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BC Premier Gordon Campbell, John McLern with Street to Home and Vancouver Mayor Gregor Robertson during an announcement regarding new supportive housing units for the homeless in Vancouver May 25, 2010.John Lehmann/ The Globe and Mail

Four years ago, Vancouver mining magnate Frank Giustra got a suggestion from local minister Tom Cooper that he think about the city's homeless situation if he was looking for a place to focus his charity.

"He was trying to think through what was the best way to do this," said Mr. Cooper, who then helped link up Mr. Giustra, famous internationally for his contributions to former U.S. president Bill Clinton's charitable endeavours in Africa and elsewhere, with former Vancouver mayor Sam Sullivan to talk about homelessness.

On Tuesday, Mr. Giustra showed one of the best ways he had figured out to help, with a personal contribution of $5-million through his Radcliffe Foundation to create housing for the homeless.

His donation will kick off the first two projects in an unprecedented, $225-million social-housing construction binge in Vancouver, reported on Monday in The Globe and Mail, aimed at housing 1,000 of the city's poorest.

His contribution is also intended to be the spur for another $20-million in private contributions that he'll be raising as campaign chair of the Streetohome Foundation, the group of business leaders who came together with Mr. Giustra to look for ways to solve homelessness.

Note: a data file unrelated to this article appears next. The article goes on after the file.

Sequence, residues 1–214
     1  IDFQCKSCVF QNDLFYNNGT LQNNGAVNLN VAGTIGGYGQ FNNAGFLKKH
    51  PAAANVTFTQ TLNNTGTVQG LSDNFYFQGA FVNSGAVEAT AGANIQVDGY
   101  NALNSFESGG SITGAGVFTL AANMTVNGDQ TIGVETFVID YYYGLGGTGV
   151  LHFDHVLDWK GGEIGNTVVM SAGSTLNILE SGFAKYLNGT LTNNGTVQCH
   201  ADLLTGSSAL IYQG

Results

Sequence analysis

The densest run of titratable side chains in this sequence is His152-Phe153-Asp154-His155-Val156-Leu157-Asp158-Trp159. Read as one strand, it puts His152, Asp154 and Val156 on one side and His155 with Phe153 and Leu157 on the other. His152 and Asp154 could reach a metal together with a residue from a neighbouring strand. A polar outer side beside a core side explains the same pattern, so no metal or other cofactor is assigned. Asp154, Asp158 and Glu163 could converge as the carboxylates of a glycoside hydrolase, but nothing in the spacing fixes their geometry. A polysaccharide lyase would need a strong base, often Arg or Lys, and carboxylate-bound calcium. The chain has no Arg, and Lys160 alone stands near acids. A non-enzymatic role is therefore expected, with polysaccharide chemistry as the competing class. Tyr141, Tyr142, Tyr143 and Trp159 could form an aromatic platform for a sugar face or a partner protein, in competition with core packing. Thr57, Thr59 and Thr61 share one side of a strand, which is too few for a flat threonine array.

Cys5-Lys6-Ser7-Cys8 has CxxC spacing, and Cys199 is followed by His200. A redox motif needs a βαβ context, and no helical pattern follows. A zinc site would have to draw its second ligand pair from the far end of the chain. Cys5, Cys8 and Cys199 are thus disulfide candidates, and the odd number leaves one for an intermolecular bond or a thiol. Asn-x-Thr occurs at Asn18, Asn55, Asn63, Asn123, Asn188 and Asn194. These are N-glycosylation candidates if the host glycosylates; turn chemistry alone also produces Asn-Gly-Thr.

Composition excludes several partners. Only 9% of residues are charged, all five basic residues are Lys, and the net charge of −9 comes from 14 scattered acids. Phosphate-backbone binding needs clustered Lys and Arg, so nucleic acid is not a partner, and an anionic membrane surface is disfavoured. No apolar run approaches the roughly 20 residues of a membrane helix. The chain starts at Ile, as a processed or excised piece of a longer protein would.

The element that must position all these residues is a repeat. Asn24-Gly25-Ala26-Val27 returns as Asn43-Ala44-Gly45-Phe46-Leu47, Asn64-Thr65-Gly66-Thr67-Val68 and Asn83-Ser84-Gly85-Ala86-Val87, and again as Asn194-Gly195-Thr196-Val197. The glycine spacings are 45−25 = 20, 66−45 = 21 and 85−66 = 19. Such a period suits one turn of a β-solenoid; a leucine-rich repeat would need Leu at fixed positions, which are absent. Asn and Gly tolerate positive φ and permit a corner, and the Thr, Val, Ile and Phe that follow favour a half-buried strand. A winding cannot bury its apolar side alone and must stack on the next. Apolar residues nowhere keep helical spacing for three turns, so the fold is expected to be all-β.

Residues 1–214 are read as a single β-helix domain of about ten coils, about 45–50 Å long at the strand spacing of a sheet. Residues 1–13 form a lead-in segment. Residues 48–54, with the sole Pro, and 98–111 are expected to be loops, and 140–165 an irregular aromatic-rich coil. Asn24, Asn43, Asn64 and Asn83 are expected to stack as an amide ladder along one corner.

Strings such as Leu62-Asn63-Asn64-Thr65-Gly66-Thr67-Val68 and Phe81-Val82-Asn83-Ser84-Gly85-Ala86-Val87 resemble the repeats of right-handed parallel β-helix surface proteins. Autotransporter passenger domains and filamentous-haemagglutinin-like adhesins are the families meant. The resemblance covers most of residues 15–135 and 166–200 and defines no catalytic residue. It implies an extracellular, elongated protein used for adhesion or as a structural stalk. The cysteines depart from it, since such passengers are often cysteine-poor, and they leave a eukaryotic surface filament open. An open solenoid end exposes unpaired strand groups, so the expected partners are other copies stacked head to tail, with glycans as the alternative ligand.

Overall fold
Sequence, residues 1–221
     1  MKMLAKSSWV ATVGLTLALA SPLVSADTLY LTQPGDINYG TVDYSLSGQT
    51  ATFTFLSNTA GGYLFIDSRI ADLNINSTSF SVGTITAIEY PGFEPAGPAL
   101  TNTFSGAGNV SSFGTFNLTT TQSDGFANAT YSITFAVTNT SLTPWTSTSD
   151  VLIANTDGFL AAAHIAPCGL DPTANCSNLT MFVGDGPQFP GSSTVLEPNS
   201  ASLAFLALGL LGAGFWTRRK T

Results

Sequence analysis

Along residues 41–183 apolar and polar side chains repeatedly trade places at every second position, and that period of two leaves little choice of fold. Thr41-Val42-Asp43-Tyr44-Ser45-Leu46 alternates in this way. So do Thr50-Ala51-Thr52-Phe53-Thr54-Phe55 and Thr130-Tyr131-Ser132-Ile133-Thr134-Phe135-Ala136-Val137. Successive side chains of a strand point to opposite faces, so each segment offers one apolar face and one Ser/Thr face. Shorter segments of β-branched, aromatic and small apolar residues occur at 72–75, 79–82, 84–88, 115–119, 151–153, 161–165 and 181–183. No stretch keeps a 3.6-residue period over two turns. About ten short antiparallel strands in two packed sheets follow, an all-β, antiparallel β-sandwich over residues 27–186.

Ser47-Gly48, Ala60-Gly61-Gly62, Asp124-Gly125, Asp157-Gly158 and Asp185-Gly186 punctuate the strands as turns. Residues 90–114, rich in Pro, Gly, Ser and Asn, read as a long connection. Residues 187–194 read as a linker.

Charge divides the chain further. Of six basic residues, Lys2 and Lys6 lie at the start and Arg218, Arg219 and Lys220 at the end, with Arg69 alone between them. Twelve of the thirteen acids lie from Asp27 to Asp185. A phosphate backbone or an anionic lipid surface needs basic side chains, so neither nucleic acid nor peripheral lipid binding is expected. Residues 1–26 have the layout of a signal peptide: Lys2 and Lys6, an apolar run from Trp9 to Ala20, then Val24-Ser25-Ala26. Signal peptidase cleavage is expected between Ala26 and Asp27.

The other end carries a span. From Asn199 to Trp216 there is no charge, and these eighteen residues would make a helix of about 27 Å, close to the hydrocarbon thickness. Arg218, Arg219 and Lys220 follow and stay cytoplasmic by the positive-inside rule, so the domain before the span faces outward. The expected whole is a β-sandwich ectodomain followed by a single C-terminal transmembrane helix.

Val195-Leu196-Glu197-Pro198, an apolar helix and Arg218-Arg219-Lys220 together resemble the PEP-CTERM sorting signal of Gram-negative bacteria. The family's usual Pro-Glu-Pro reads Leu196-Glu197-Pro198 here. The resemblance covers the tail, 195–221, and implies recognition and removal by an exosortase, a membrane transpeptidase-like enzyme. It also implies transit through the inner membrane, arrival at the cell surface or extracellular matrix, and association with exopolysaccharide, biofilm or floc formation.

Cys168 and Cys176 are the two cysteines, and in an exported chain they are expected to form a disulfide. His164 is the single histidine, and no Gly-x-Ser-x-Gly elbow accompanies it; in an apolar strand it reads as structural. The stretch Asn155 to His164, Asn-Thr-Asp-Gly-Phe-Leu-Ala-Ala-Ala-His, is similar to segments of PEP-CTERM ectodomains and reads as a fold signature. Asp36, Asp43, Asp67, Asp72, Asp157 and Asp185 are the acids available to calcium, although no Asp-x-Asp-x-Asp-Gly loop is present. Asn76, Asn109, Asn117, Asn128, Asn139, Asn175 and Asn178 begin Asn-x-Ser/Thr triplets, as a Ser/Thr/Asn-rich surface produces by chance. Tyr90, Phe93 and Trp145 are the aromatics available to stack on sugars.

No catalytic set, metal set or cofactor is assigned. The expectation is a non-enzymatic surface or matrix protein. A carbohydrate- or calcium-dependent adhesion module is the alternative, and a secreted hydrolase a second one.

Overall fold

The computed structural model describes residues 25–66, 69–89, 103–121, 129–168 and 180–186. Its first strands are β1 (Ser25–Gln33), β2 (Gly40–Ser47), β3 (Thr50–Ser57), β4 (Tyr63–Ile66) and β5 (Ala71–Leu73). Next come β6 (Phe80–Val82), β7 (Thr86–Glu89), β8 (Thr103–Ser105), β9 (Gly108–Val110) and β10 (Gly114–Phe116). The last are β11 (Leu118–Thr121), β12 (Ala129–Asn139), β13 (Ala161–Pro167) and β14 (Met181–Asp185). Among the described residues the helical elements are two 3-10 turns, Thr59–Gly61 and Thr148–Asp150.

That additional private money will get another six social-housing projects off the ground in the next three years.

The private contributions are said to have helped convince the Liberal cabinet to come in with $200-million of government money for the eight projects, the biggest expenditure any regional government had made on housing in years.

Mr. Giustra was absent, as is his style, from the news conference where Premier Gordon Campbell and Vancouver Mayor Gregor Robertson unveiled the projects that will also benefit from $32-million in city land.

But he did provide a statement, saying he'd made the commitment because the issue was personally important to him.

"Every night, thousands of men, women and children in Vancouver live without a basic necessity most of us take for granted," said Mr. Giustra, who researched the issue at one point by going out on a midnight walk with the city's homeless specialist, Judy Graves.

He was also present in the minds of many there.

"He is a real believer and strong supporter and it's great to see a clear demonstration of that commitment that's helped to catalyze this deal closing," said Mr. Robertson, who picked up the torch from previous mayor Sam Sullivan in maintaining close ties with Mr. Giustra on the city's homelessness initiatives.

The foundation is hoping to raise the additional $20-million over the next couple of years, said Streetohome honorary chair John McLernon at the announcement. Mr. Giustra will be joined by Intracorp CEO Joe Houssian, Vancity CEO Tamara Vrooman, Business Council of B.C. CEO Virginia Greene, and Carraresi Foundation director Penny Nardelli in raising the money, along with leaders at the Vancouver Foundation.

Special to The Globe and Mail

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